The appearances of Russian representatives at the Munich Security Conference are always eagerly awaited—from Putin’s anti-Western rambling in 2007 to Sergey Lavrov being laughed at last year: they always promise stuff to talk and worry about.
This year it was Prime Minister Medvedev’s turn. One of his most remarkable sentences—and there were many—was his denial of civilian casualties due to Russian bombing in Aleppo: “There is no evidence of our bombing civilians, even though everyone is accusing us of this.” The room (and Twitter) gasped at the audacity of this statement.
But there is a more fundamental truth underlying his statement: The Russian leadership does not see civilian suffering, because…it does not care. It never has. Russia has always conducted wars without any regard for human lives, be it in Chechnya, or under Stalin, who used masses of people as cannon fodder. People die in war, and that is normal. Human suffering only matters if it can be instrumentalized for propagandistic purposes, as has been the case with refugees and aid transports in eastern Ukraine.
One can dig deeper and cite a fundamental fatalism in the Russian mindset as reason: Wars happen, catastrophes happen and, in the best case, the bereaved are paid, and the issue is quickly “resolved.”
But it is not only that the Russian leadership does not care: It also does not believe that anyone else (in the West) cares. In its worldview, morals are just a cover to pursue interests, and in this case: to pursue Western interests in Syria, to pressure Russia to stop its advance on Aleppo.
The disregard for human casualties, for morality in politics, might be at first glance seen as a strength of Russian policy. If you do not care, you can just follow Shakespeare’s “as you like it.” But it is also a great weakness. As German foreign minister Frank-Walter Steinmeier stressed in an interview in the run-up to the Munich Security Conference: Morals are the guideline for politics. Otherwise, politics are erratic.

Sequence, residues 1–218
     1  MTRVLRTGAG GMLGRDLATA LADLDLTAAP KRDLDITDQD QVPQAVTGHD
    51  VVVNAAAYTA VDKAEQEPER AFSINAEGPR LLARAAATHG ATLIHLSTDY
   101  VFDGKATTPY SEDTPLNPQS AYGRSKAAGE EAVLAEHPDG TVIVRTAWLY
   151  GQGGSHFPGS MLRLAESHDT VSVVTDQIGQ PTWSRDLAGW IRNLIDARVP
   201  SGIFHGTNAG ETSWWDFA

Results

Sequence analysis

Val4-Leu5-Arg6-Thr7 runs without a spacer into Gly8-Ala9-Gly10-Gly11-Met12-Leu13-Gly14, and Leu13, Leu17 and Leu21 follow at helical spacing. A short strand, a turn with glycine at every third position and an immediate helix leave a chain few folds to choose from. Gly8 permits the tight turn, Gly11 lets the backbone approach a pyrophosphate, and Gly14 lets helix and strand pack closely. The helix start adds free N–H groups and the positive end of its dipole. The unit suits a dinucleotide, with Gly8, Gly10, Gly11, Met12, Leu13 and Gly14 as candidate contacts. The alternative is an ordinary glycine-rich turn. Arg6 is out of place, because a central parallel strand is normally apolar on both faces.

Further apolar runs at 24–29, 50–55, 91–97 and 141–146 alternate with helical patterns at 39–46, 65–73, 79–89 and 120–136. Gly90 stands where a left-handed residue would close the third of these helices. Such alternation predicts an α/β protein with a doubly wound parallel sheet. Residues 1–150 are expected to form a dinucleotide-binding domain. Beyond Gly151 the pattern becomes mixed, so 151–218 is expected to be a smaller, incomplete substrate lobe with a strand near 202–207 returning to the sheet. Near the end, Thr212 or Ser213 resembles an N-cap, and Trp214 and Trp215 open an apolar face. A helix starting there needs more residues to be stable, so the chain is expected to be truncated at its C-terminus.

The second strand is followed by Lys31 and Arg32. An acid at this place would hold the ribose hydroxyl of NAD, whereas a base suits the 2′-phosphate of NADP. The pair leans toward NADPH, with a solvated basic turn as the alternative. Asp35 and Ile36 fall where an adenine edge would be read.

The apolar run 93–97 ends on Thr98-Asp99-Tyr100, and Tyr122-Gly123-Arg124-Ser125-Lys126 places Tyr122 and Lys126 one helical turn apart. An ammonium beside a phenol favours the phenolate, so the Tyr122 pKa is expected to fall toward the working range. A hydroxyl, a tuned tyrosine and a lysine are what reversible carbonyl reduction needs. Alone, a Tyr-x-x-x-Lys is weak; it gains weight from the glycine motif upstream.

This miscalculation and underestimation of morals and values as (one of the) drivers and motivations of Western policy is also why Merkel’s refugee policy remains a huge riddle and question mark for many Russians. Why is she taking in so many refugees, undermining her power base, and—here many Russians would agree with Donald Trump—potentially risking a revolution? Even if it is not for the moral high ground, but out of an instrumental concern for the European Union, as some argued, why put European interests over national interests?
Merkel has surprised the Russian president already once, when she led the transatlantic community toward a common position against Russia’s actions in Ukraine. And with her quiet but persistent and stubborn battle for European unity in the refugee crisis, she might surprise the Russian president again.
Because this is what Medvedev’s appearance in Munich and his plea for renewed Euro-Atlantic cooperation has also shown: Even in the refugee crisis, Merkel is not at the mercy of Putin. Rather, Putin is at the mercy of Merkel: to loosen sanctions and to relieve the pressure on the Russian economy, which must be of paramount importance for the Russian leadership in the coming year until the next Munich Security Conference if it wants to avoid serious internal disturbances.